There you go a recipe for making a zombie apocalypse a bit more apocalyptic in a D&Desque setting.

The Bad Guys Want to Win

There are many schools of adventure design in RPGs out there but what intrigues me the most are campaigns where players scale their endeavors to their capabilities. For this to be possible the ref needs to create a campaign where the adventures are buikt in an environment where the bad guys want to win and don't simply exist as exp piles and challenge bumps.

Do you have to tell the players that the Citadel of Lord Black who has ruled Darkoria for 1000 years and is guarded by the undead remains of his 2000 sons might be a tough or overwhelming challenge for a group of 1st level characters? Is a tower with no more then 3 stories and a half dozen horses corralled outside likely to be appropriate challenge?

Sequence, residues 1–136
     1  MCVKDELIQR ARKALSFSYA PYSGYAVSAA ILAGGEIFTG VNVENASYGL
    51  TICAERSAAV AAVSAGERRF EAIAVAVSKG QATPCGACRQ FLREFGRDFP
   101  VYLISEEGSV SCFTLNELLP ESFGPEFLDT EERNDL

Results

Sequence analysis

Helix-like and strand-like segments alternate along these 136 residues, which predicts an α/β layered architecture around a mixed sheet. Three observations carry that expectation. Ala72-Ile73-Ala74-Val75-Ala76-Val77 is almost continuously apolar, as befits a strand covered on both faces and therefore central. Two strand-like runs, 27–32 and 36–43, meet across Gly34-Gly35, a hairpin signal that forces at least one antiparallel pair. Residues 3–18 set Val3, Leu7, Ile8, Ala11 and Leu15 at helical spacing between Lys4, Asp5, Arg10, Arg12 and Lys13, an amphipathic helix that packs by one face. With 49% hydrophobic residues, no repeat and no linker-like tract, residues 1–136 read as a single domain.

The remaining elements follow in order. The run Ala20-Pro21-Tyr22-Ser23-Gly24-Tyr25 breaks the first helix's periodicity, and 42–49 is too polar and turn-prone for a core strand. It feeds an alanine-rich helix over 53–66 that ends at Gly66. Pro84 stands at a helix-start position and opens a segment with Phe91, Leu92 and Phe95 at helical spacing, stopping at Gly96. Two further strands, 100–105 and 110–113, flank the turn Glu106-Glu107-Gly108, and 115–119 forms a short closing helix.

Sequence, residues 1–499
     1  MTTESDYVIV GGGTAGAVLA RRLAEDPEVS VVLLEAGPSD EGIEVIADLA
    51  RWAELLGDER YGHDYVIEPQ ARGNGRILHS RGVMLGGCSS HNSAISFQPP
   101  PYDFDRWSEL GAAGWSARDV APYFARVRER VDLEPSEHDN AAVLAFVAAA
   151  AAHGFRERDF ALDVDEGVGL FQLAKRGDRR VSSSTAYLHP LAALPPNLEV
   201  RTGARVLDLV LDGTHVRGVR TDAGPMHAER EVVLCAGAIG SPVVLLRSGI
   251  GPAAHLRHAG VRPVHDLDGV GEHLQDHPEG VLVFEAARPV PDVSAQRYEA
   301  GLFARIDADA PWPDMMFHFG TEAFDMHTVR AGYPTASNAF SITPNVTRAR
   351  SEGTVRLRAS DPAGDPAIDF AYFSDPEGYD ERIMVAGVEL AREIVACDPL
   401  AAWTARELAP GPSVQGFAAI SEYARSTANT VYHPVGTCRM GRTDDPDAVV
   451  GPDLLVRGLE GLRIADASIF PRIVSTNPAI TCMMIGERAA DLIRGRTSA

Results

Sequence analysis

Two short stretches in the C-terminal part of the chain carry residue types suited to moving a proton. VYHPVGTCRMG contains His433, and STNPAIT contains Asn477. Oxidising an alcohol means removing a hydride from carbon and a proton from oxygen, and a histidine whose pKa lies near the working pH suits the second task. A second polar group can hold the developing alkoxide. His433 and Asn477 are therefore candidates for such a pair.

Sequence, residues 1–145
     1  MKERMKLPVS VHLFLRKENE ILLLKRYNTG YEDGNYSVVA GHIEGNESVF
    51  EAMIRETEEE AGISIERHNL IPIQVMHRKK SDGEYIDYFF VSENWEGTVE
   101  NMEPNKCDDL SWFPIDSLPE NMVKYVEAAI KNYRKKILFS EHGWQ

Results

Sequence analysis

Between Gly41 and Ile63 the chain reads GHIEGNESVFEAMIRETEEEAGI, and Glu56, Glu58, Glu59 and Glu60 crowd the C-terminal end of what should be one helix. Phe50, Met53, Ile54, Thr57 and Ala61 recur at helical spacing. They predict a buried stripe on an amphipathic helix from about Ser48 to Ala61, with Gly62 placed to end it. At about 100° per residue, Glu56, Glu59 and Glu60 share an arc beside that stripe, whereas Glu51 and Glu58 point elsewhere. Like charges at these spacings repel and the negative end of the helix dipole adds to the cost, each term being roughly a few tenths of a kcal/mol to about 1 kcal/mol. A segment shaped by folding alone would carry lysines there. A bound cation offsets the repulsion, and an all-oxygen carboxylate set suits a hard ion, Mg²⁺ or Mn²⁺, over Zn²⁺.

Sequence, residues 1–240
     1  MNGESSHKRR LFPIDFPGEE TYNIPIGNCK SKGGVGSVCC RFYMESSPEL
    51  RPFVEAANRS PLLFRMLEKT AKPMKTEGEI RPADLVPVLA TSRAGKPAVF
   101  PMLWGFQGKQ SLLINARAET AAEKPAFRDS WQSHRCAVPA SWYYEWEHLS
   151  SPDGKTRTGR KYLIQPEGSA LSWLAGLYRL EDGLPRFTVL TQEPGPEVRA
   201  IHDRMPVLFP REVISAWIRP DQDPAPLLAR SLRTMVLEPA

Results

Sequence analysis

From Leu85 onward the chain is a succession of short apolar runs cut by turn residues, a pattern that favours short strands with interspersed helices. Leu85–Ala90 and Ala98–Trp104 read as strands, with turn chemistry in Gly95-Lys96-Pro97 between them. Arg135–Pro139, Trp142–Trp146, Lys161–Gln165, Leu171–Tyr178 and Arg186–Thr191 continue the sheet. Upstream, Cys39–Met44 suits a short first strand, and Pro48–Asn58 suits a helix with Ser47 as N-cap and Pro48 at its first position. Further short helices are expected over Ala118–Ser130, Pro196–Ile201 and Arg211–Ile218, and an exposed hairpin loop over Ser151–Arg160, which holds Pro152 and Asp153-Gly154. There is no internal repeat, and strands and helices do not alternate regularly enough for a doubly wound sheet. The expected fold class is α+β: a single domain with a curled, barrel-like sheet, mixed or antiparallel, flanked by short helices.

The players should be able to make the choice. The bad guys should fight back within their capabilities. If the PCs manage a single raid into Lord Black's citadel and come running out with a couple thousand in loot they deserve it but if they return three days later to do the same they should die or maybe Lord Dark just isn't all he is built up to be.

The clever traps and guardians to the treasure vault should be built to be accessed by Lord Black and his trusted minions, not an adventure and loot path for the PCs. If the PCs walk into this vault and discover a charmed green dragon guarding his loot and they weren't' expecting to do so, they should die if they don't run fast enough. Who would you leave guarding your loot, a green dragon, a minotaur or a band of kobolds?